After the EQ Profile, Jeff gained some perspective about how differently he saw himself, others and the world, under stress.  He was able to reflect on how he had been successful in  situations of uncertainty in the past and came up with a way of framing the future that helped him get his head around it (e.g. we’ll probably never be able to do this, but if we did by some miracle in the future do it, here’s how we would have done it – kind of reverse engineering a vision).  It works for him and gave him the shift he needed to move forward.

3) They are not accessing their feelings.

Bill’s wife had “caught” him.  Bill’s business partner had “fired” him.  When I asked Bill how he felt, he said “Well, I think this will be a new opportunity to start over and do something new.”  And I asked “And how do you feel, using a feeling word?” (You can tell I’m persistent, like a dog with a bone).   Bill said “I’m pretty ok with it.”  Hmmmmm.  “You seem pretty disconnected from your feelings, Bill.”  “I don’t know. I feel pretty good.”

Bill didn’t have access to his feelings.  He didn’t know what he was missing.  And he was missing the essential information that his feelings would provide him.  Information that could help him save his relationships.

Introducing Bill to the EQ Profile gave me the platform to talk with him about the information that feelings provide and how not accessing distressing feelings can impair authentic relationships. The language of feelings is somewhat foreign to Bill and he’s slowly but surely learning to speak it.

4) Their Inner Critic is merciless. 

A serial entrepreneur, Randy’s life and career were like a roller coaster, with lots of ups and downs.  Randy had a merciless inner critic that shamed him relentlessly.  When Randy obeyed the Inner Critic, he was thin and buff and on top of his business game (while his sleep and relationships suffered).  And when Randy didn’t do everything his inner critic demanded, he felt like a failure, packing on pounds and doubting his business abilities.

When I introduced Randy to the EQ Profile, it gave us the opportunity to talk about shame and how it can be healthy for us in good measure and how it can make us miserable (as well as those around us) when we let the shame drive the bus.  Also, it gave us the opportunity to talk about the role of the inner critic, to give it a name and to discuss the role it plays in Randy’s life.   When we developed strategies for Randy to simply notice the voice of his inner critic and observe it as witness, he was able to find some distance from it and make more conscious and healthy choices.

5)  Their boss and subordinates love them – their peers, not so much.

Jane didn’t understand the mixed messages in her 360 feedback.  Jane’s people loved her.  They felt seen by her, supported and engaged by her.  To her boss, Jane was indispensable.  She always seemed to know what needed to be done and she was a problem solver, quick to step into action to fix whatever was broken.  Jane’s peers had a different experience.  They didn’t trust her.   They felt she was trying to compete with them, make them look bad.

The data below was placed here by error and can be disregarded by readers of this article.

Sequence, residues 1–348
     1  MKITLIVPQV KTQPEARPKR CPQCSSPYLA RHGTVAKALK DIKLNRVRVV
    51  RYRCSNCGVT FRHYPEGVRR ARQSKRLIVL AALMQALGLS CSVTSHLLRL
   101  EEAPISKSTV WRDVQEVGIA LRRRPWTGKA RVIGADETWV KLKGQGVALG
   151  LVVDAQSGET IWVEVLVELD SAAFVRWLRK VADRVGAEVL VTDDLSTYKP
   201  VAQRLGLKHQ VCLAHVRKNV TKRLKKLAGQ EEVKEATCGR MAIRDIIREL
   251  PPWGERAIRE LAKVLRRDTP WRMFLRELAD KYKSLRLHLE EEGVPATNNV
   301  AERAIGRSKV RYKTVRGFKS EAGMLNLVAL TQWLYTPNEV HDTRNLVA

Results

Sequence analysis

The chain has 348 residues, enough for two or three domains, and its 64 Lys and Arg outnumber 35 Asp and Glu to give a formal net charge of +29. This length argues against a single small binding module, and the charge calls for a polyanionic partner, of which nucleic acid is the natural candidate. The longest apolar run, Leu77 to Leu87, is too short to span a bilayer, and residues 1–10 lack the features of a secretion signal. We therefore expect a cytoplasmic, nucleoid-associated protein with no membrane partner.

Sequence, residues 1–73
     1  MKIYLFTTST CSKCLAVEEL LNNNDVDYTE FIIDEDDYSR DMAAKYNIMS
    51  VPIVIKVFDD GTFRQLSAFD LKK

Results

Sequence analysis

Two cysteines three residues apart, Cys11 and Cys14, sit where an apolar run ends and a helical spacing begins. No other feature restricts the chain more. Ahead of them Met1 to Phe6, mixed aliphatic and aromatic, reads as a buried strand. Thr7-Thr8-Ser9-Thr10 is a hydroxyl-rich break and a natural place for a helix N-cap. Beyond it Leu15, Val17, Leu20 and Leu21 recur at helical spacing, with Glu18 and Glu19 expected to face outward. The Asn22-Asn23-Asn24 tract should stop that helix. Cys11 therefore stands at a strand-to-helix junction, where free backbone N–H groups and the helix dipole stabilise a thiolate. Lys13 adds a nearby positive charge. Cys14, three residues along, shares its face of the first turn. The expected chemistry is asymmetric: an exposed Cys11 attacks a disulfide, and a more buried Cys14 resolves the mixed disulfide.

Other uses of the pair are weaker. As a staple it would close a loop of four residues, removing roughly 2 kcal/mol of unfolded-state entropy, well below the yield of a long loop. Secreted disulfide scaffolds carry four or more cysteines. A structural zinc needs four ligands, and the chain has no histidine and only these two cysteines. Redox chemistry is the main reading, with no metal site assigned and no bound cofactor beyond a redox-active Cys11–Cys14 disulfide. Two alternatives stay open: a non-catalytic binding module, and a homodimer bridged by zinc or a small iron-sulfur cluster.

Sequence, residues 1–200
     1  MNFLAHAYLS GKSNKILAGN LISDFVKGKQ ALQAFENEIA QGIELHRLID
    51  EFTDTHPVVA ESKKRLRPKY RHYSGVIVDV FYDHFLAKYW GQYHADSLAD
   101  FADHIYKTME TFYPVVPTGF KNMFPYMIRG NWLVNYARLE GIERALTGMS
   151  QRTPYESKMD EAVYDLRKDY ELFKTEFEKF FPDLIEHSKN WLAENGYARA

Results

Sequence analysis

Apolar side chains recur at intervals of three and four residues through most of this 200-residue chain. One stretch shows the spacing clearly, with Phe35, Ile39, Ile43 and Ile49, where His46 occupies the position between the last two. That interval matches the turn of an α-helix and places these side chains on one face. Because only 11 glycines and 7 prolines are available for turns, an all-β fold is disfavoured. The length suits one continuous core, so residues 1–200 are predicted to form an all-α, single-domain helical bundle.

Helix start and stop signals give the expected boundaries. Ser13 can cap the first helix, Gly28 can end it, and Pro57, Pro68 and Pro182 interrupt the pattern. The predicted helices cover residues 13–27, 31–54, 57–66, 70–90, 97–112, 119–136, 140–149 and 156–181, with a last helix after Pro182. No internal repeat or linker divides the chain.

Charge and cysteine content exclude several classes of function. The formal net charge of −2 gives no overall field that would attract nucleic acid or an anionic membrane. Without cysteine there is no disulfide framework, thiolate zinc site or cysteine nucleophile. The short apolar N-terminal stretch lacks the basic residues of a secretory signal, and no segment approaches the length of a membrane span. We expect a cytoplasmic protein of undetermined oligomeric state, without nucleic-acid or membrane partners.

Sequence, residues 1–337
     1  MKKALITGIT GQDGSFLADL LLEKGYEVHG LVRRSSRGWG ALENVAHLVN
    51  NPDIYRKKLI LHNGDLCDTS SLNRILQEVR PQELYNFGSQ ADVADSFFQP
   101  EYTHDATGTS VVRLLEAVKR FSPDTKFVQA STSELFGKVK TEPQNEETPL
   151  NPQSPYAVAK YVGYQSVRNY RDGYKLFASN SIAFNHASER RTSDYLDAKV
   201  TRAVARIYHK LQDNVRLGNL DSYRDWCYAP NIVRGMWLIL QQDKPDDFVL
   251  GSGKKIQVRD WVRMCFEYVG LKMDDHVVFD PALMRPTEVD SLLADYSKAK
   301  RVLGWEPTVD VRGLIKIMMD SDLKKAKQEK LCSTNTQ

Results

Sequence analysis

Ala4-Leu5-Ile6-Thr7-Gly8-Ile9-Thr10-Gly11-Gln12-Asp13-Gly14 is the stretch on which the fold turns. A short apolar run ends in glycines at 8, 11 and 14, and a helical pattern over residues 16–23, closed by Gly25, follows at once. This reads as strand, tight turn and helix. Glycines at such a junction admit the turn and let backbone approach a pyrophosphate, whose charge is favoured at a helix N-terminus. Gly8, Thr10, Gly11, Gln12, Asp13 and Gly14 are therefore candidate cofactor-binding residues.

Jane felt like she was the same person with everyone.  She didn’t understand how people could see her so differently.  Her peers just didn’t know her.  They didn’t understand her.  (And let’s face it, they weren’t that smart, anyway).

The EQ Profile helped Jane gain some clarity about her relationship strategies, the ones she was comfortable with and the ones she wasn’t.  Jane wasn’t comfortable depending upon someone else, especially when the chips were down.  If the going was going to get tough, she was going to get going.  She wasn’t going to wait for someone else.  And Jane didn’t really realize this about herself until the EQ Profile debrief of her relationship strategies.  And it brought all of her 360 feedback into perspective.

There you have it.  Five signs that your client is asking for the EQ Profile.

Are your clients asking you for the EQ Profile?
Are they missing some perspective?
Do their issues sound the same?
Is there a pattern to your coaching sessions?

If so, your clients might be asking you to help them see what they can’t.  The EQ Profile can support you in showing your clients themselves and what they’re missing.

With the EQ Profile, you can open up all new choices for your clients that would never have been available to them otherwise.  Wow!  What a gift you have to give them.

Many of our EQ Profile Practitioners have found that taking a retraining course is an excellent way to get clearer on how to use the EQ Profile to go deeper with your clients faster.

 

Our next virtual EQ Profile refresher training starts October 19th. 

Already a practitioner? For a limited time, we’re offering 2 free EQ Profile’s with the purchase of our EQ Profile Certified Coach Retraining Course. That’s worth over $300, which is more than the price of admission.

This offer ends on Oct 6th so be sure you register before then here.

Please email our team at liat@learninginaction.com if you have any questions.

 

Hope to you see you there!

– Alison Whitmire

President | Learning In Action Technologies